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Saturday, May 18, 2024

IPhones, iPads and Macs are at risk of being hacked, warns Apple

Apple has disclosed serious security vulnerabilities for iPhones, iPads and Macs that could potentially allow attackers to take complete control of these devices.

For iPhones, iPads, and Macs, Apple exposed critical security flaws that may possibly let attackers seize total control of these devices. On Wednesday, Apple posted two security bulletins regarding the problem, but they didn’t draw much notice outside of tech journals.

According to Apple’s explanation of the flaw, a hacker may gain “full admin access” to the system. According to Rachel Tobac, CEO of SocialProof Security, this would enable hackers to pose as the device’s owner and subsequently run any software in their name.

Read more: Apple to launch iPhone 14 on September 7

Understanding the matter better

Users of the iPhone 6S and later versions, various iPad models, including the 5th generation and later, all iPad Pro models, and the iPad Air 2, as well as Mac computers running macOS Monterey, have been advised by security experts to upgrade the affected devices. Some iPod models are also impacted by the bug.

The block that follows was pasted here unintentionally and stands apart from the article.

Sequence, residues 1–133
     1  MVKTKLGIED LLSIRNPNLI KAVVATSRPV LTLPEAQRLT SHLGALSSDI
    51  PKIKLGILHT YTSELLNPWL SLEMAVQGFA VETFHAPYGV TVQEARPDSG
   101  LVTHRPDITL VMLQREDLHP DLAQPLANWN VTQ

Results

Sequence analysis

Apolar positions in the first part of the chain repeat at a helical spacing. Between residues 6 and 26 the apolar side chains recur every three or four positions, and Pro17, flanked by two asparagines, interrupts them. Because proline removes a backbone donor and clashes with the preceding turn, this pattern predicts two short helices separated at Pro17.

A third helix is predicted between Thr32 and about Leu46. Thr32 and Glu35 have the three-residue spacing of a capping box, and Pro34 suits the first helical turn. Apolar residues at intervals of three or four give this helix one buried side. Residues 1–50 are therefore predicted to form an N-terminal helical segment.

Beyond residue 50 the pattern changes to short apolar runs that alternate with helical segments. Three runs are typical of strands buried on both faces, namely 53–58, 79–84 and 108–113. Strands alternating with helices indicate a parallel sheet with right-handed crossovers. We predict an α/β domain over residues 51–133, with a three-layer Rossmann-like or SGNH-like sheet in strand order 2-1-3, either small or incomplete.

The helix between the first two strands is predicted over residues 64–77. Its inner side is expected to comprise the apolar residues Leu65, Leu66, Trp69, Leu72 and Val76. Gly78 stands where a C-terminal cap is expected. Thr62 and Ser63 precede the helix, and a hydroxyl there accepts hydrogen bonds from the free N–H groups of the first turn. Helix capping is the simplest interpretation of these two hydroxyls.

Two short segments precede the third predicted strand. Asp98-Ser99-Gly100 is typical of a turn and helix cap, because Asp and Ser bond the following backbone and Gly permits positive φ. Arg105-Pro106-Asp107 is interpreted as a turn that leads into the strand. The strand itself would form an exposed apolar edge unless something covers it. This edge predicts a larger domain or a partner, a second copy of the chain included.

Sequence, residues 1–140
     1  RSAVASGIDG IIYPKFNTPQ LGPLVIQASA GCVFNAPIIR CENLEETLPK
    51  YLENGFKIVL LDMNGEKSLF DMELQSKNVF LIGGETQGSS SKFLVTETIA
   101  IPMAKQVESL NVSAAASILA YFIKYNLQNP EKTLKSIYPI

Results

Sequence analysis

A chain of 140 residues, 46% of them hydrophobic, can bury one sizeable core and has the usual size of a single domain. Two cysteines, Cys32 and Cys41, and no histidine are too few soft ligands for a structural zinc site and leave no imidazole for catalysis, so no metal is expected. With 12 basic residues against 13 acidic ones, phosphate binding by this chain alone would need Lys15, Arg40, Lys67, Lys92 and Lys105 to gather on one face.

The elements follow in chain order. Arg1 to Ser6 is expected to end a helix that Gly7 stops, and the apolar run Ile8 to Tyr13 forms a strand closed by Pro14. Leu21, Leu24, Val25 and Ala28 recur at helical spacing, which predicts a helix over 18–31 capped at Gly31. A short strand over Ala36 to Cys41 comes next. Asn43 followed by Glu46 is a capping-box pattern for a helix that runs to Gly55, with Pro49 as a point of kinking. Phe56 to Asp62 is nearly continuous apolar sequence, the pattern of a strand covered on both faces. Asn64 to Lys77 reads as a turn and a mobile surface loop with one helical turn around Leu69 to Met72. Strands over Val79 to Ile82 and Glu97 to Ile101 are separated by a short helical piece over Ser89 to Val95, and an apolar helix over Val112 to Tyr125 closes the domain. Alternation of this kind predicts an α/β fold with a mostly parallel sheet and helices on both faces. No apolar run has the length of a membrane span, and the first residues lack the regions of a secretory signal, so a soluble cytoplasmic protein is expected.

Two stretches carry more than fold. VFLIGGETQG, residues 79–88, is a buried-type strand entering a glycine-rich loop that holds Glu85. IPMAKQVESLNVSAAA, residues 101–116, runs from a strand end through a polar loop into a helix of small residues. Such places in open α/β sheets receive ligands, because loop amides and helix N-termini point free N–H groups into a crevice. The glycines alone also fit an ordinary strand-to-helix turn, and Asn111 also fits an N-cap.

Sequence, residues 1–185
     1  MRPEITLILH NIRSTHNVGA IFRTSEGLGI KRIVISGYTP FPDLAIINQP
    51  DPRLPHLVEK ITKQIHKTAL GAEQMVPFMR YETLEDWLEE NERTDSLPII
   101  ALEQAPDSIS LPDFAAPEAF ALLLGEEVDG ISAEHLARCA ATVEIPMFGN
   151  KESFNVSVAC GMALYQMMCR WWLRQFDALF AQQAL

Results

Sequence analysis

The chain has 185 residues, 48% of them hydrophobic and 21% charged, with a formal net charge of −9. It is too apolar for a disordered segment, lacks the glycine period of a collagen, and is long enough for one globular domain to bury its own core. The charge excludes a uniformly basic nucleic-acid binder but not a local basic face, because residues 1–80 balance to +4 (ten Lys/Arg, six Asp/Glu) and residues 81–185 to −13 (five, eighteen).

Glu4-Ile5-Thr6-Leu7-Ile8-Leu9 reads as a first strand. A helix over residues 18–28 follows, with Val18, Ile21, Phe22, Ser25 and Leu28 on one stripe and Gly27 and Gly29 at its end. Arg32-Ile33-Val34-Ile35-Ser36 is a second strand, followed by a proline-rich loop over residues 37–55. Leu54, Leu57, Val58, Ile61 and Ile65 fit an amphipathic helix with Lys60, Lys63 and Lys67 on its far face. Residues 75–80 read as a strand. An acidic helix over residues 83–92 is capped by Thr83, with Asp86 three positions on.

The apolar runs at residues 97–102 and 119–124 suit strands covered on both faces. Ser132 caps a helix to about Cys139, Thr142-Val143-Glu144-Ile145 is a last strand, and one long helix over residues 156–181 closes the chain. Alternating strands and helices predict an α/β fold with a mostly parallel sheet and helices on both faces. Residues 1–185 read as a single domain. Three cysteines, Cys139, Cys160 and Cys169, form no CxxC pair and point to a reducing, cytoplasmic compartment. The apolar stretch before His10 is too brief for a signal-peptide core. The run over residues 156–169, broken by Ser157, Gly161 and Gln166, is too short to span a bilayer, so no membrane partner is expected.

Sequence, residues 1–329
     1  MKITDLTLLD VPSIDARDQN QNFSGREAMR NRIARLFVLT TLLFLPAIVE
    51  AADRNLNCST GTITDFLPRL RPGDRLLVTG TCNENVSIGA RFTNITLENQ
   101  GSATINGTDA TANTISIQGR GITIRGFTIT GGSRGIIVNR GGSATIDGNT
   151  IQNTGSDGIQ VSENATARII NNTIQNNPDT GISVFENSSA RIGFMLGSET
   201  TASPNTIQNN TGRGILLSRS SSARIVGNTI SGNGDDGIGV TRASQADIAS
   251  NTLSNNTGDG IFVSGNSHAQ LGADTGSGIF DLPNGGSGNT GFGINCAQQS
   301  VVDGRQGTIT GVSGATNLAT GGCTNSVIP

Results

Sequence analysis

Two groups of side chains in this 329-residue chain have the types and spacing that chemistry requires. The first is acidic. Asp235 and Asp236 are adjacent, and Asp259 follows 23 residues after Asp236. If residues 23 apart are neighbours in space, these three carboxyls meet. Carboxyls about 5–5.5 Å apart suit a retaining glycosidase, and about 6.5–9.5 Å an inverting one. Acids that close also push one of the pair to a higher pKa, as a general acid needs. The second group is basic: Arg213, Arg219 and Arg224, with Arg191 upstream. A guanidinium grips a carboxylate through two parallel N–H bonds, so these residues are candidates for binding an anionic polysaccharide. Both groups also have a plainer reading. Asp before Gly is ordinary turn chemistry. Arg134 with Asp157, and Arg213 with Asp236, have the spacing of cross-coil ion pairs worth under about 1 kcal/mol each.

In the reports, Apple omitted to mention how, where, or by whom the vulnerabilities were found. It consistently referenced an unnamed researcher.

Read more: Apple jumps in bandwagon of metaverse

Commercial spyware organizations like Israel’s NSO Group are renowned for spotting and exploiting these weaknesses in malware that covertly infects targets’ smartphones, siphons their information, and continuously monitors the targets.

The U.S. Commerce Department has placed NSO Group on a “blacklist.” Its spyware has reportedly been used against journalists, dissidents, and human rights campaigners in Europe, the Middle East, Africa, and Latin America.

Read more: Apple takes strict action against Indian iPhone plant

Will Strafach, a security expert, claimed that he has not seen any technical examination of the vulnerabilities that Apple has just patched. According to Strafach, the corporation had previously disclosed comparable critical problems and highlighted that it was aware of claims that these security weaknesses had been exploited about a dozen different times.